Initiatives that keep children in school in Marsabit

KDEF country director Ahmed Kura

KDEF country director Ahmed Kura interacts with learners at Loruko ECDE centre on February 9, 2022. The organisation is using a cloud-based application to track pupils' school attendance in drought stricken Samburu and Marsabit in bid to improve retention of learners.

Photo credit: David Muchui | Nation Media Group

Mr Joseph Lesanjir, a teacher at the Nairabala early childhood education centre in South Horr, Marsabit County, walks 26km daily to and from the school.

The most important aspect of his daily trek is that it keeps a majority of the 41 learners in class. Mr Lesanjir picks up most of the children along the way, ensuring they remain in class.

"When I was posted here, I discovered there was a high rate of absenteeism. When I inquired, the children said they cannot walk all the way because their parents leave early in search of water and pasture. If I don't pick them up, many will drop out," he says.

Distance, coupled with drought and cultural practices, remains a major hindrance in children’s access to education in many parts of Marsabit and Samburu counties.

“During drought, the children cannot come to school if there is no feeding programme. The attendance is 100 per cent when food is provided,” observes Mr Lesanjir.

The Nairabala Early Childhood Development Education (ECDE) centre, 13km north of South Horr, is one of the 10 centres built by the Kenya Drylands Education Fund (KDEF), a non-governmental organisation that supports the education of pastoralist children in Marsabit and Samburu counties.

Not enrolled

According to the Marsabit Integrated Smart survey of 2019, more than 30 per cent of children aged above six were not enrolled in school.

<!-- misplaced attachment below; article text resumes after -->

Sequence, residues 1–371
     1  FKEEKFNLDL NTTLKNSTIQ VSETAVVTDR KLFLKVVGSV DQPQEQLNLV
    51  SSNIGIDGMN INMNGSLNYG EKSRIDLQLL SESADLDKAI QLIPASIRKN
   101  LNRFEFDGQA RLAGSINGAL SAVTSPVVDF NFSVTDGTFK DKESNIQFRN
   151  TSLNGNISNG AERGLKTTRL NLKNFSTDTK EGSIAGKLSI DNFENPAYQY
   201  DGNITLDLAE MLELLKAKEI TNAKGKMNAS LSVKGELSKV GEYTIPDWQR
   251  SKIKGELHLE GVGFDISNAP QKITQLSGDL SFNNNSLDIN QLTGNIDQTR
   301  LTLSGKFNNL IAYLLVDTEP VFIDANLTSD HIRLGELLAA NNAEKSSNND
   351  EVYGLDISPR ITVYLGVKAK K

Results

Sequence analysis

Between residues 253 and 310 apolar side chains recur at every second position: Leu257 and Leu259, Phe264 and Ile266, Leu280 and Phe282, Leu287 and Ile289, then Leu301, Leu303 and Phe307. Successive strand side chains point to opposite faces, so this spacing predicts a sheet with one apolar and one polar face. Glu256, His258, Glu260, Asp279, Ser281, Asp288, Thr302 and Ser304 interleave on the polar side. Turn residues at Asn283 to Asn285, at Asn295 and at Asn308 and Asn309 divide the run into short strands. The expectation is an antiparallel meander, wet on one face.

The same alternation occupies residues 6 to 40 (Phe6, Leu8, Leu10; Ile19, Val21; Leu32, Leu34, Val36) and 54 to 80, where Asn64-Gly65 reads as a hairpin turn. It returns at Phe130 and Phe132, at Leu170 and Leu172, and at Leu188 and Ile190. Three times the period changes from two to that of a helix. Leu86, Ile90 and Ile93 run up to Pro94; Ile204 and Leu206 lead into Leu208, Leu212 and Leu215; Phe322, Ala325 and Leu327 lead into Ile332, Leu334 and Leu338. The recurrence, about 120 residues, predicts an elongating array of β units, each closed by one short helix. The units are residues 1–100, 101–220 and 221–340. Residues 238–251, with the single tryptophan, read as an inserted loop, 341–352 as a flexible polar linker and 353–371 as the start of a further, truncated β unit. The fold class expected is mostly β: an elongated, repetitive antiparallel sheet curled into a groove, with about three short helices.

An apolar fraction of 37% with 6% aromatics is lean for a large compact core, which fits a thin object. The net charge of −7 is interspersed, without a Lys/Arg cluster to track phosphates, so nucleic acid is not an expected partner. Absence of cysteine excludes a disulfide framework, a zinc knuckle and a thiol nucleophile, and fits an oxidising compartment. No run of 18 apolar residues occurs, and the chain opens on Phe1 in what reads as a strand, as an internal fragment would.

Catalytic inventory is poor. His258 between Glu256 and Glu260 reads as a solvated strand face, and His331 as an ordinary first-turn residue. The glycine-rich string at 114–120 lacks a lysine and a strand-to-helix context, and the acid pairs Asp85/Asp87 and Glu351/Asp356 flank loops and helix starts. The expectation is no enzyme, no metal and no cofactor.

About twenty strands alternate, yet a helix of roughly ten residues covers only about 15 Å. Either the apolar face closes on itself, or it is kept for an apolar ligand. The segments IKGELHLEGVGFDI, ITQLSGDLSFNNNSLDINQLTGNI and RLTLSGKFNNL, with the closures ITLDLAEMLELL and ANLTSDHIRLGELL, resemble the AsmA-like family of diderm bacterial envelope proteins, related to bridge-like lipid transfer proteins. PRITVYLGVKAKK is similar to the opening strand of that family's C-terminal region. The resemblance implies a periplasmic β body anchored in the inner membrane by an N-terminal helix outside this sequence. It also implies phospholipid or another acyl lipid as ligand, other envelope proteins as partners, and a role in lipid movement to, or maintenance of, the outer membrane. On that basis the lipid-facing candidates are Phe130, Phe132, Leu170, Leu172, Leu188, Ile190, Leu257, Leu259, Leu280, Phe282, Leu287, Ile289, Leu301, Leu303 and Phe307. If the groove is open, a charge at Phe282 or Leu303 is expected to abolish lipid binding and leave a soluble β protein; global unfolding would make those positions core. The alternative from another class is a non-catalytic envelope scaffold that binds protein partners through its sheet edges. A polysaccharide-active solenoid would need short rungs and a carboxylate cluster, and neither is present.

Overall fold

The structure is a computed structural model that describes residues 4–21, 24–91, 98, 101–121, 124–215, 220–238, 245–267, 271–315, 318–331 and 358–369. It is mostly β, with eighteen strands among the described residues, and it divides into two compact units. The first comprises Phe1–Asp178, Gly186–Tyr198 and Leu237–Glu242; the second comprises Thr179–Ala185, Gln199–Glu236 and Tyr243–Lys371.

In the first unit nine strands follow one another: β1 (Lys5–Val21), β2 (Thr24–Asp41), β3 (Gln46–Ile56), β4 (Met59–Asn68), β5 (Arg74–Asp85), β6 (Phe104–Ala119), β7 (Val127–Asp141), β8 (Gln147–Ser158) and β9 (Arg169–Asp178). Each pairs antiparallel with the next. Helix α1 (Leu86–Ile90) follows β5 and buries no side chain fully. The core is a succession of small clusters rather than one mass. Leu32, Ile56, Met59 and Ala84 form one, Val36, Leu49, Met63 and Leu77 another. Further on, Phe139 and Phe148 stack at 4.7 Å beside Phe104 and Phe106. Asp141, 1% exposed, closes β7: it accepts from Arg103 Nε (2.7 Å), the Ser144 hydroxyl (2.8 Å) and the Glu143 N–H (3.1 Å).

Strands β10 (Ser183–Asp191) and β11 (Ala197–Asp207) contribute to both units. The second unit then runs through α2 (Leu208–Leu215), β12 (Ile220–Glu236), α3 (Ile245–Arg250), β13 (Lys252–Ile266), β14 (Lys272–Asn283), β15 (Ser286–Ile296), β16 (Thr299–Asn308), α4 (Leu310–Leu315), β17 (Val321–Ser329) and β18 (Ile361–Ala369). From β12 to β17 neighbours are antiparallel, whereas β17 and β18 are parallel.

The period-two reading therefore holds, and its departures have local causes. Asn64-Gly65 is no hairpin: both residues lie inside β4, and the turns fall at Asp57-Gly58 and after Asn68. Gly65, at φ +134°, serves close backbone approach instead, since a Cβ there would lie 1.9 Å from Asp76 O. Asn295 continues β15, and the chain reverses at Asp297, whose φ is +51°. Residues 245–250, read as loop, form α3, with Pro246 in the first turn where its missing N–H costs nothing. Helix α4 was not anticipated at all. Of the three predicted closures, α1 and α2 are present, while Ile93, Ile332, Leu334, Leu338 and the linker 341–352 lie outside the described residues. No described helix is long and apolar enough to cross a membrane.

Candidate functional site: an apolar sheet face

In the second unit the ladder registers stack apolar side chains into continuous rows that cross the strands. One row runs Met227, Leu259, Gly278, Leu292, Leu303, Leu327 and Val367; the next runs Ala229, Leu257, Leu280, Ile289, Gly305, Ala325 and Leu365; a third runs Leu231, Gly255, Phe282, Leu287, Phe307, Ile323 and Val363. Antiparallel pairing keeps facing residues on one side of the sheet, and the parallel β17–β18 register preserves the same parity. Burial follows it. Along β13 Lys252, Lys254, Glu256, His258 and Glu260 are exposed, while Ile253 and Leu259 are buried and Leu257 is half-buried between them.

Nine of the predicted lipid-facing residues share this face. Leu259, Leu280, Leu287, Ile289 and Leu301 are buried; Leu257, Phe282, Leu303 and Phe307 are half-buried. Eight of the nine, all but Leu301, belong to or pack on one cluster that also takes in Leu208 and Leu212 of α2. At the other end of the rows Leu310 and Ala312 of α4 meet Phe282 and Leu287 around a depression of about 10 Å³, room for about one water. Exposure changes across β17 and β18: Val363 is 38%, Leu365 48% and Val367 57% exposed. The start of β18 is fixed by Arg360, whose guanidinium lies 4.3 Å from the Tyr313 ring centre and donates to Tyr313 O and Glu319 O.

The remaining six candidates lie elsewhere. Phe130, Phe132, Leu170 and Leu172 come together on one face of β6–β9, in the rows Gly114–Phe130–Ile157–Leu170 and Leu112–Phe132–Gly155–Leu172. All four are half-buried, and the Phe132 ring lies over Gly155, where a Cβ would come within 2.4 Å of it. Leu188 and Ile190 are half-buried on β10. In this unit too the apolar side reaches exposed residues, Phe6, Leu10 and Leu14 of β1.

Last year, the government, Unicef and the Education Above All Foundation launched an initiative to enrol 250,000 out-of-school children by the end of 2023 in 16 counties including Marsabit.

The initiative, Operation Come to School, aims at increasing enrolment and retention of primary school-age children.

But according to KDEF country director Ahmed Kura, the unique challenges posed by climate change, culture and lack of school infrastructure make it much harder to enrol and retain learners.

Livestock herding

Despite government-led initiatives that involve door-to-door campaigns to reach out-of-school children, the number of minors involved in livestock herding remains high.

"In terms of retention, the government has access to the daily school register but there are gaps when it comes to communication among stakeholders. This is the gap we are filling though a cloud-based digital school register," Mr Kura says.

Based at Ngurunit in Samburu County, KDEF uses an application called the Enrolment, Attendance, Retention and Transition EnART system to monitor registration and attendance trends in more than 10 schools in the region.

The custom cloud-based application helps primary schools track attendance in a systematic way. It is supported by an offline data collection app installed on tablets. The system can alert the area chief and other relevant stakeholders when a student drops out or is absent for more than 10 days," Mr Kura explains.

Tracking system

He says more than 2,000 learners are being tracked through the system.

"Once the chief is alerted, they find out the whereabouts of the children and ensure they go back to school. We have seen an increase in retention due to this intervention," he says.

Besides the use of technology, KDEF also supports a feeding programme and water supply to reduce the impact of drought.

Mr Kura said access to education in the Marsabit and Samburu region is highly dependent on climatic conditions.

“The persistent drought due to climate change has contributed to a rise in people living in extreme poverty. Therefore, education is the only way out of this situation. We are providing infrastructure, food and water to learners. This ensures the schools have a conducive learning environment," Mr Kura says.

He said the organisation has built 10 new ECDE centres to increase enrolment in primary schools.

“Putting up the ECDE centres is aimed at addressing the problem of distance that bars children from going to school. The other intervention of feeding programmes ensures that we keep the children in school even when the drought intensifies.”

“We are also building dormitories in primary and secondary schools for learners who may drop out due to distance. Our goal is to have centres with capacity to enrol 2,000 school age children every year,” Mr Kura said.

He says the 10 ECDE centres built by the organisation have brought in about 400 children into the education system.